You are here

Henry Swineburne House

-A A +A
1875–1876, Dudley Newton. 97 Rhode Island Ave.

Rustic (particularly chalet) sources provided the inspiration for this house in wood, brick, and slate, built for a client who helped engineer Newport's water system. It is one of the most effective designs by Dudley Newton in the “Modern Gothic” style, which he helped popularize locally in the 1870s. From the acutely pitched roofline of the rear block, which is complicated by an engaged polygonal tower and turret on one side, a steep, gabled element, really a bloated dormer supported on the posts and struts of a deep porch, projects to the street, establishing the image for this house. The jerkinhead dip of the front gable peak and the flare of the roof at the eaves provide a bonnetlike snugness around a display of vertical boarding, exposed framework, brackets, sawn patterns, and quatrefoiled window parapet, all of which meet the “Modern Gothic” aim of the expressive use of materials and structure and their inherent decorative possibilities. The roof bonnet throws off a shed roof to one side as a protective flap over the recessed entrance. Playful, joyous, fanciful, yet down to earth: the veritable image of what a Victorian summer cottage should be.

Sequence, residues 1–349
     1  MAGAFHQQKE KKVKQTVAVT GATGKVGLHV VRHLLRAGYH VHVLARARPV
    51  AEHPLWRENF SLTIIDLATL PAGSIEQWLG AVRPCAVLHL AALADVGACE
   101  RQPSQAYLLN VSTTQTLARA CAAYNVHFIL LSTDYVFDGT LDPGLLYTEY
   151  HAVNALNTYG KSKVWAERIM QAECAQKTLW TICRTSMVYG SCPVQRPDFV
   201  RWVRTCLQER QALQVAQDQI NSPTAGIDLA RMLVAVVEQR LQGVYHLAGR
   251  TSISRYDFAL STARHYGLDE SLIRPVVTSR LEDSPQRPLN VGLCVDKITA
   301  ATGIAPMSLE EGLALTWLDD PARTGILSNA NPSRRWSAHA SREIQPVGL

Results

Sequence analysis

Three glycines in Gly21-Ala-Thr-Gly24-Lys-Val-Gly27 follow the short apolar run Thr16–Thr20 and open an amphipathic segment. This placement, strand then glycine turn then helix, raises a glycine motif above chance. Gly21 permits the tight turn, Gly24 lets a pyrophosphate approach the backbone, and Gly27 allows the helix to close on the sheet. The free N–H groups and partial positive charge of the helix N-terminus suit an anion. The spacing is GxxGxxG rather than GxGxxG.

Writing Credits

Author: 
William H. Jordy et al.
×

Data

What's Nearby

Citation

William H. Jordy et al., "Henry Swineburne House", [Newport, Rhode Island], SAH Archipedia, eds. Gabrielle Esperdy and Karen Kingsley, Charlottesville: UVaP, 2012—, http://sah-archipedia.org/buildings/RI-01-NE106.

Print Source

Buildings of Rhode Island, William H. Jordy, with Ronald J. Onorato and William McKenzie Woodward. New York: Oxford University Press, 2004, 552-553.

If SAH Archipedia has been useful to you, please consider supporting it.

SAH Archipedia tells the story of the United States through its buildings, landscapes, and cities. This freely available resource empowers the public with authoritative knowledge that deepens their understanding and appreciation of the built environment. But the Society of Architectural Historians, which created SAH Archipedia with University of Virginia Press, needs your support to maintain the high-caliber research, writing, photography, cartography, editing, design, and programming that make SAH Archipedia a trusted online resource available to all who value the history of place, heritage tourism, and learning.

, ,